Above the Clouds: How to Overcome Tinnitus while Flying

If you suffer from tinnitus at any degree, you know how difficult dealing with this condition can be. You also understand how flying can exacerbate the symptoms of tinnitus, making you more miserable than usual. The constant ringing, swishing, whistling, head pain and ear fullness that is often associated with tinnitus seems to become worse when flying ­ causing many to forgo traveling. The truth is that you don't have to miss out on traveling due to a tinnitus flare­up or over the concerns that your flight might trigger a flare­up. There are some simple tips that you can follow that will minimize the symptomatic annoyances associated with this condition.

 

Reduce Anxiety and Stress

Many people find that their tinnitus begins to flare­up when it's time to travel ­ even before you board the plane. One of the reasons for this phenomenon is the fact that one of the triggers for tinnitus is stress. Many people suffer from pre­trip stress. Some people fear flying, so every flight comes with a certain level of stress. Others stress out because of the multitudinous issues that always seem to surface during flights. Either way, the rise in your stress levels could be triggering your tinnitus flare­ups.

Develop a routine that allows you to relax. One way to do this is reduce caffeine intake at least one to two days prior to your flight. Your home is normally your most relaxed environment, so it is the perfect place to begin your relaxation process. Keep your stress triggers to a minimum. If that means not answering the phone, turn the ringer off.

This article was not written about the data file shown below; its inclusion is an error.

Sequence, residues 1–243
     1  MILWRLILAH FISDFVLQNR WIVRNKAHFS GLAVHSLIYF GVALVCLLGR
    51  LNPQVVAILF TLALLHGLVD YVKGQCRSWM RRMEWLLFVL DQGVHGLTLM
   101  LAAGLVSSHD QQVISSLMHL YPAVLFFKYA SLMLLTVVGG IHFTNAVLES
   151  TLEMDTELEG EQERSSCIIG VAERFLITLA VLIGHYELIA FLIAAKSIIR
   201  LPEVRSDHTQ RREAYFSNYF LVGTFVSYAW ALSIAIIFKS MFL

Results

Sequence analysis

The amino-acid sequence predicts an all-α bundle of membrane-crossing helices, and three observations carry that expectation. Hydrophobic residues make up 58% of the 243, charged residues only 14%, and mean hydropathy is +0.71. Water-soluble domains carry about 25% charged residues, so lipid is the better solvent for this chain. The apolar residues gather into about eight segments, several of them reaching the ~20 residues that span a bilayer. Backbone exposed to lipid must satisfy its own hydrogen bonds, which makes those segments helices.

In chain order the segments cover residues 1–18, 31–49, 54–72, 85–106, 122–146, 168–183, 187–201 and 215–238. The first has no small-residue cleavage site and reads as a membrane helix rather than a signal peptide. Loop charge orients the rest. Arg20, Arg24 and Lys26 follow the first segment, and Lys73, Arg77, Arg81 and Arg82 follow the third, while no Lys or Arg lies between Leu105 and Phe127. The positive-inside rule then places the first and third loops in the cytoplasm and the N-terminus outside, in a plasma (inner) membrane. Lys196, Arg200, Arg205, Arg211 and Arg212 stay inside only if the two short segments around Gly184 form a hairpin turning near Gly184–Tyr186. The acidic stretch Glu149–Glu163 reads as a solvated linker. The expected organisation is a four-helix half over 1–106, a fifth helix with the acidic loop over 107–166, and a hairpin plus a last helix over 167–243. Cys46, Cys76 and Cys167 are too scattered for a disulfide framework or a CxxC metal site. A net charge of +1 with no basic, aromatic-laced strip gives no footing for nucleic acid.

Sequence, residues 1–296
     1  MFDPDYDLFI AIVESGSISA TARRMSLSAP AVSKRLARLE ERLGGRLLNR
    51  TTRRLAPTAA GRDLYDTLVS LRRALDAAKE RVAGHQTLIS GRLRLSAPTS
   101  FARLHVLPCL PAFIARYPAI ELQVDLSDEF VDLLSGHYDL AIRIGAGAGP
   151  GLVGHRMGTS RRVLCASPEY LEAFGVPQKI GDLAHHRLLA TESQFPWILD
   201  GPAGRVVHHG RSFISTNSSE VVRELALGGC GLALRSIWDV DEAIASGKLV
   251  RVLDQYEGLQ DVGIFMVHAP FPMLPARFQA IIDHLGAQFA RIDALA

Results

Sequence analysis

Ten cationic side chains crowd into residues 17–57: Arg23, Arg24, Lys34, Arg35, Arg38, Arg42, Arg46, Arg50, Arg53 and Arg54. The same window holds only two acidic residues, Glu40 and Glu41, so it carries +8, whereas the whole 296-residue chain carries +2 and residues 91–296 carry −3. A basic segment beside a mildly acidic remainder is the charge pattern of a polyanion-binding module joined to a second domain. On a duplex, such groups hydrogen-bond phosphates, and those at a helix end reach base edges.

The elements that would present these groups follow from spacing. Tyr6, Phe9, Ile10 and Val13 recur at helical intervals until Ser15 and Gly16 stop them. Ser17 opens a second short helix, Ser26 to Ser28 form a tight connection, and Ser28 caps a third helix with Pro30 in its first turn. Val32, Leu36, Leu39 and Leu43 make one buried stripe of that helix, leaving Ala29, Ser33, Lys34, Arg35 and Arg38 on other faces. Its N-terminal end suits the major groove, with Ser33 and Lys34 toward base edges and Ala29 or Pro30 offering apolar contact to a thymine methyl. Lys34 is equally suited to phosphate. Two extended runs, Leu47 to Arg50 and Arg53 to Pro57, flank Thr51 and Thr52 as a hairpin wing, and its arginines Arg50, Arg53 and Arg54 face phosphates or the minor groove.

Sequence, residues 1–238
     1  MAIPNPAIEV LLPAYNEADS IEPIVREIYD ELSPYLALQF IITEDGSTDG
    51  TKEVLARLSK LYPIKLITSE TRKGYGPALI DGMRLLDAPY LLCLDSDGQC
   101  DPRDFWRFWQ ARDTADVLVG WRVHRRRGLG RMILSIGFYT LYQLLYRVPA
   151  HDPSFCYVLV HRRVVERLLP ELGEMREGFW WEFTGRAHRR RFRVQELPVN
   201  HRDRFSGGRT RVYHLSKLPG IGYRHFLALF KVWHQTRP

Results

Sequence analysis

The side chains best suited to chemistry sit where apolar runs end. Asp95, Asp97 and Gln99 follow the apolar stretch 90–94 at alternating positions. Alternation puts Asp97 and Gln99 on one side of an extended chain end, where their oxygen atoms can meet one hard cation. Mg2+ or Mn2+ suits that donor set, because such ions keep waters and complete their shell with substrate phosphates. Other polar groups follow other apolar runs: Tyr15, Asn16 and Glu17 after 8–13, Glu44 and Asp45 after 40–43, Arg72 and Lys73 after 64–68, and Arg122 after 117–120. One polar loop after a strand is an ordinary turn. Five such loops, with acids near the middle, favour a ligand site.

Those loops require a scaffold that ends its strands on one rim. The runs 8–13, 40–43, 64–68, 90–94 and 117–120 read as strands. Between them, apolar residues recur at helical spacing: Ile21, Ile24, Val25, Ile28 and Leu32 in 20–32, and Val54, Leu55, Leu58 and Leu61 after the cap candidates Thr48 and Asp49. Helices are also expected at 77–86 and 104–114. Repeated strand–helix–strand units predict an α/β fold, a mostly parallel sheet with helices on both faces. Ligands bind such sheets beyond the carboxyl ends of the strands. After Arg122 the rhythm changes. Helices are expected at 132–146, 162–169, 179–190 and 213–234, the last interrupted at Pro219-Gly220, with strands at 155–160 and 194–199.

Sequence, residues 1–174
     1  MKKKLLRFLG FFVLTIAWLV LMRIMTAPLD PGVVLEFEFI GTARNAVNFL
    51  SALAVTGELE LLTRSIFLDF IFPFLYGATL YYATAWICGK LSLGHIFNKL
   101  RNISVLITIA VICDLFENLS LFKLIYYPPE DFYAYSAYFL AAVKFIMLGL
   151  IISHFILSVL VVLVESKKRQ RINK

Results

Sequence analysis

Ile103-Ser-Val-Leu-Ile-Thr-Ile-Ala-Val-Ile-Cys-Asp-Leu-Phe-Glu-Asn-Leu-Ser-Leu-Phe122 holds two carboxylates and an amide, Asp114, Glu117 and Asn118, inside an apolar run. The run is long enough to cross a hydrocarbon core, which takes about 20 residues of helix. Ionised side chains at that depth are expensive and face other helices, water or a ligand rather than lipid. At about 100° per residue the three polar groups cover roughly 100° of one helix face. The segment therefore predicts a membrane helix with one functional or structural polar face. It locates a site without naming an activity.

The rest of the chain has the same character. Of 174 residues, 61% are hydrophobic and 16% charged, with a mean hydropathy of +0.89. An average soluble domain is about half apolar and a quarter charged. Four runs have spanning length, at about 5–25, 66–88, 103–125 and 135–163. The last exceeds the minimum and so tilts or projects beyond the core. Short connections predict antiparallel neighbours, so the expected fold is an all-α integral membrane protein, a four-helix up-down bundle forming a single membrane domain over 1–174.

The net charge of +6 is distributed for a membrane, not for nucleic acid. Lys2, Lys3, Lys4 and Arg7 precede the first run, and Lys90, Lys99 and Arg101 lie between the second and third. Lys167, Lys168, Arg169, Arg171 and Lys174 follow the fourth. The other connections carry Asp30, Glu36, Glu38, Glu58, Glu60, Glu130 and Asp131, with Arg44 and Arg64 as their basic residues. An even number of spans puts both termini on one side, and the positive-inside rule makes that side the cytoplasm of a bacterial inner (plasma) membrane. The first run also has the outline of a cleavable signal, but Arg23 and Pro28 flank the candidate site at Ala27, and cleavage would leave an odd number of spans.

Noise Reduction

One of the major concerns with flying for anyone is the dangers of suffering hearing damage due to the loud engine noises made by the plane. This is a reasonable and valid concern. Healthy hearing should always be a priority. Those suffering with tinnitus should use even more caution when it comes to exposing themselves to excess noise. Not only can the noise trigger your tinnitus, it can also cause further damage to your hearing.

Use some form of hearing protection. You can purchase some quality earplugs to help minimize the noise level. Be sure to use your earplugs during takeoff and landing ­ when the engine noise will be the loudest. You can also book seats that are further away from the engines in order to reduce the noise level.

Cabin Pressure The pressurized cabin on an airplane can also create some discomfort for you. This is due to the pressure blocking the Eustachian tube which prevents air bubbles from popping. This can create pain and discomfort. One of the most common ways of dealing with this is to mimic the act of chewing and swallowing. This activity actually opens up the Eustachian ­ relieving the pressure.

Many people choose to chew gum during flights.

There are ways to lessen the negative impact that tinnitus can have on your travel plans. Following these few simple tips will go a long ways in increasing your level of comfort as you travel.

Kenneth Bassett is an ear guru. He studies and blogs about hearing challenges and what an everyday person can do to help find relief.







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